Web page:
Genre: Fairy Tale
Location: Funeral Home
Object: Spaghetti with Meatballs
Rapunzel died on Monday. Angela hadn't had someone this noteworthy in a long time. It had been over a year since she prepared Sleeping Beauty. But, because of their track record and tendency to only seem to die, various tests needed to be administered to any royalty, celebrity, magical creature or historically significant person before they were deemed “officially deceased.” That was Angela’s job. She was the resident Death Tester and mortician for the kings and queens and godmothers and just once, a beloved squirrel.
Rapunzel’s hair had not been touched by time. It had stayed as golden as the straw she spun until the day she died at 104. Only her face and hunched back showed her age. She had deep lines around her mouth and crows feet branching out from her eyes. But her hair still held the luster of youth, the golden trusses hanging low over the cold metal table.
Now Friday, Rapunzel had passed most of the tests. Her body had been cleared for poison and sleeping elixirs. Frogs and toads were pressed to her stiff lips. Magic harps played on a loop. Enchanted birds were brought in to whistle her favorite tune. Spinning-wheel needles were confiscated from witches’ homes and screened for spells. Prince Rupert had just left, the fourth and youngest prince of the current royal family. It was his job to kiss each dead lady to rule out any bewitchment that might require a prince to awaken them. He kissed Rapunzel quickly. Needless to say, this “duty,” wasn't his favorite.
After all the tests were complete, and the dead remained dead, Angela would prepare them for their glass coffin. They were celebrities even in death. Their stories remaining real as long as their bodies could be seen.
Now that Rapunzel had been officially declared dead, the world could begin grieving and await their chance to stand before the glass coffin, and say their farewells to the woman who inspired a century of blonde hair color and floor-sweeping lengths.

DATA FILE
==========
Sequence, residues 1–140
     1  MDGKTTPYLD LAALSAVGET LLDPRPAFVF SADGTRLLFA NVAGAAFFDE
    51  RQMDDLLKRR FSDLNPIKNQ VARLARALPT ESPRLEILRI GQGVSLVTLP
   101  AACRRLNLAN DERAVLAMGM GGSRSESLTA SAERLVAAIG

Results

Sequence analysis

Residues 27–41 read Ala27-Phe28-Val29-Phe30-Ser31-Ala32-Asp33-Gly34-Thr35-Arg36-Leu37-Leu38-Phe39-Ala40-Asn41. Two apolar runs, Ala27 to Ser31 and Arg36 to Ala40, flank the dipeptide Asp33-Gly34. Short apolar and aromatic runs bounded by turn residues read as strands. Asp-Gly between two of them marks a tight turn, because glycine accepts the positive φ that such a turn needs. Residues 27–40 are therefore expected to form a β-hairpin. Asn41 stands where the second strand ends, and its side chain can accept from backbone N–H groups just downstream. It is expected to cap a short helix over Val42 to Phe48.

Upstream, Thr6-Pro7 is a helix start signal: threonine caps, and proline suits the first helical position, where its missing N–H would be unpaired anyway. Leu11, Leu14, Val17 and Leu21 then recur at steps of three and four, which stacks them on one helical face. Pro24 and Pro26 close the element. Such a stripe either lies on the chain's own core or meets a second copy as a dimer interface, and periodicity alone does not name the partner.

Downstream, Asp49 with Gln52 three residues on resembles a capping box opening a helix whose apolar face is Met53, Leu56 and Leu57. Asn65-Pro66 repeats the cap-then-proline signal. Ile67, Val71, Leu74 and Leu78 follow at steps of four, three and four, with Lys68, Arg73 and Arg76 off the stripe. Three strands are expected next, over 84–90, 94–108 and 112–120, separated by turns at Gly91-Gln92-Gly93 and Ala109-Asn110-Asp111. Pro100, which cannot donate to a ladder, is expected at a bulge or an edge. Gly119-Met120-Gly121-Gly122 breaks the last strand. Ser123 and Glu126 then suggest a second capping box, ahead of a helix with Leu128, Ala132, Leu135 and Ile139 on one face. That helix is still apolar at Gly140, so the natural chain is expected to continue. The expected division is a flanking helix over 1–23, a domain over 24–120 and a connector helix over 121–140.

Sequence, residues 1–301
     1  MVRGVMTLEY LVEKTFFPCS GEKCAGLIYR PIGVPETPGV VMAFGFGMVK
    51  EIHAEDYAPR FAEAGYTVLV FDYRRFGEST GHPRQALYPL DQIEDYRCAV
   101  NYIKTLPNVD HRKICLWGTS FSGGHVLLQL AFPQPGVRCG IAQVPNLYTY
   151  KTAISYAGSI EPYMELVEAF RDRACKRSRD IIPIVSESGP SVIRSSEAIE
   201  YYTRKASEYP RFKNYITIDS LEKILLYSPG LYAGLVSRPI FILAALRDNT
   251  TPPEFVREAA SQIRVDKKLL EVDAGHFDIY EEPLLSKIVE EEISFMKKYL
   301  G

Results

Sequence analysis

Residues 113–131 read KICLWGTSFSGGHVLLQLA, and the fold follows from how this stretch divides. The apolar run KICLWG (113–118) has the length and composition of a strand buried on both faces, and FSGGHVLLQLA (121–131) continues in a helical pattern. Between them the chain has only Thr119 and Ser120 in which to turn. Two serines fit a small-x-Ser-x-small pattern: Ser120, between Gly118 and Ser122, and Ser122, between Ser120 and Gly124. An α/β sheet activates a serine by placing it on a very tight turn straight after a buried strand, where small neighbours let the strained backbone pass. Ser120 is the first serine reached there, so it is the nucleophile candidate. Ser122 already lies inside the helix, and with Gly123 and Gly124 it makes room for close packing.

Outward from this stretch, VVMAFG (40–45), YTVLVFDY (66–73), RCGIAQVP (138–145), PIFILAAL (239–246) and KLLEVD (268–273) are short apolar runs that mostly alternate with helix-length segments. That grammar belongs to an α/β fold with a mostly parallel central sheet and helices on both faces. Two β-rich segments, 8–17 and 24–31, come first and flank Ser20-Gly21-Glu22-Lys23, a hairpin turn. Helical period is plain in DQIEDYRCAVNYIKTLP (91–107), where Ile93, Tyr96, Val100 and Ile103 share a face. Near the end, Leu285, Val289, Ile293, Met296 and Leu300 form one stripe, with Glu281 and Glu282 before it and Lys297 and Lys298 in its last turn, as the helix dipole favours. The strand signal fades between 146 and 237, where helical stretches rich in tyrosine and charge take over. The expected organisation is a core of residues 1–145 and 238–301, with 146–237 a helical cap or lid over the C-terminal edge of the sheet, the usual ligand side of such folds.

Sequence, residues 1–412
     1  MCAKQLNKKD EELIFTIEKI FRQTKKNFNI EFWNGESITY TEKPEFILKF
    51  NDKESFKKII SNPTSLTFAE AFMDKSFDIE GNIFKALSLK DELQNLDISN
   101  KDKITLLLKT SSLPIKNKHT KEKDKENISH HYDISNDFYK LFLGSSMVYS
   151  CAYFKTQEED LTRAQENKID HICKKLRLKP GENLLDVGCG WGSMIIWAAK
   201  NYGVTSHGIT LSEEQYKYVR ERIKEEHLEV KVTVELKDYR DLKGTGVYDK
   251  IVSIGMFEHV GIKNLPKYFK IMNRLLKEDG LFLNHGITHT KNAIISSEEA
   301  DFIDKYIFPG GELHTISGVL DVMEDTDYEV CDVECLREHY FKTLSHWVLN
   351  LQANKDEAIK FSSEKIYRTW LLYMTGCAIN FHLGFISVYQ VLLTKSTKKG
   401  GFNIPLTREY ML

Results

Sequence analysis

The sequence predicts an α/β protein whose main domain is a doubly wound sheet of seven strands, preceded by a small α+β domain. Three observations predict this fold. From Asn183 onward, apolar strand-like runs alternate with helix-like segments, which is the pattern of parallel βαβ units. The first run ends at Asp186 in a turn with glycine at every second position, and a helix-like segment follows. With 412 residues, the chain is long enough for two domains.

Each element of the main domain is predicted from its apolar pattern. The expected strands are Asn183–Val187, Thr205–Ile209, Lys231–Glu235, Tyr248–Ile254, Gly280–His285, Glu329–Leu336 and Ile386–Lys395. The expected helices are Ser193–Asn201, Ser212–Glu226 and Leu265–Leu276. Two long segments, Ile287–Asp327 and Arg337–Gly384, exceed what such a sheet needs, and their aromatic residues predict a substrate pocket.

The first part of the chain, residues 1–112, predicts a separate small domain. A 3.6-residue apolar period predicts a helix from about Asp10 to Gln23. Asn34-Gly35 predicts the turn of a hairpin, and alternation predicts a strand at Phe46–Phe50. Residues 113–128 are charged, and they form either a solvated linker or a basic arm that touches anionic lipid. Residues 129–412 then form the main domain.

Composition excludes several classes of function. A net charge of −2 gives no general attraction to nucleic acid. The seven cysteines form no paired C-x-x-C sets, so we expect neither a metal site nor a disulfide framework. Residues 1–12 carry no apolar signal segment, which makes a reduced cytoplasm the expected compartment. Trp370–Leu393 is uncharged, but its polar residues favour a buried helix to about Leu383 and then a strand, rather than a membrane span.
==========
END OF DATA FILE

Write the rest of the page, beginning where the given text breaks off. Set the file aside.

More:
But a year before, almost to the day, Rapunzel had come to Angela and asked her to do the unthinkable.
“I want you to cut it all off. And then I want you to burn it.” The wrinkled woman had to look up at Angela during their meeting at the funeral home, her head weighted down, her neck no longer strong enough to support the weight of the hair. “Please, you must promise.”
Angela didn't want to do it. She had been told her story as a little girl and she loved picturing the prince climbing up her strong braid to rescue her. Angela fought within herself, holding onto the magic of Rapunzel and her hair, but also felt pity for the old woman and what had become of her. She could hear the desperation in her voice and the fear that her hair would keep growing, turning her into even more of a spectacle than she had been when she was alive.
After receiving Rapunzel’s body, she spent five days combing it, running her fingers through the never-tangling locks. It was cold, the telling chill of dead hair. She thought while administering the potions and spells to safeguard against burying one of the famous too soon, that the temperature of the hair was the only test they ever really needed. Living hair retains heat, stretching down to the very tips. But once a person dies, the hair will forever be cold, lifeless and still.
She thought of their meeting a year before, and remembered her promise to do as the old woman had asked. She waited until the end of the night, the harps and singing birds quiet under their covering sheets and cages. She pulled out a pair of scissors, the same ones she often used to trim and style hair and beards and the curling mustaches of the villains. She held up a handful of gold, allowing it to slip through her fingers like cool water. Then she put the blade around the thin ropes that raised a man to his love, strong enough to support his quest and magical enough to inspire a story to be told again and again, imprinting a picture of true love on every girl’s heart.
“What are you doing?” Griffin asked while clutching a stained Tupperware of reheated spaghetti he brought in for his lunch every day, a half-chewed meatball in his mouth.
“Nothing!” she said, startled and dropping the scissors.
“Don't do anything stupid.” he said, eyeing her suspiciously. Griffin was her assistant and a distant cousin to Sleepy, one of Snow White’s infamous seven. “Whatever you're doing, you won’t get away with it. You can’t sell it, you'd lose your job.”
“I was just trimming it.”
"Ya, whatever." He turned and left to finish his meal in the front parlor.
She knew she would never get away with what she was about to do, and she wasn't exactly sure what would happen to her. But despite her hesitation to destroy something so famous, so integral to a story known by thousands, she felt compelled to lift the burden from the old woman trapped beneath the unbearable weight of her golden hair.
So she began to cut slowly, worried Griffin would come back. But with each lock that fell to the floor, she felt more confident about what she was doing. Soon, there was nothing more than a rough inch of hair sticking straight up on the crown of Rapunzel’s head. And for a moment, she thought she saw Rapunzel smile. But before she could worry she had been declared dead too soon, the old woman started to disappear and fade into nothing. Only the pile of hair remained. Angela stood quiet, and then slowly started gathering it up. She walked to the furnace, careful to not miss a strand, and dumped it all in. It burst and crackled like straw and sparked like gold.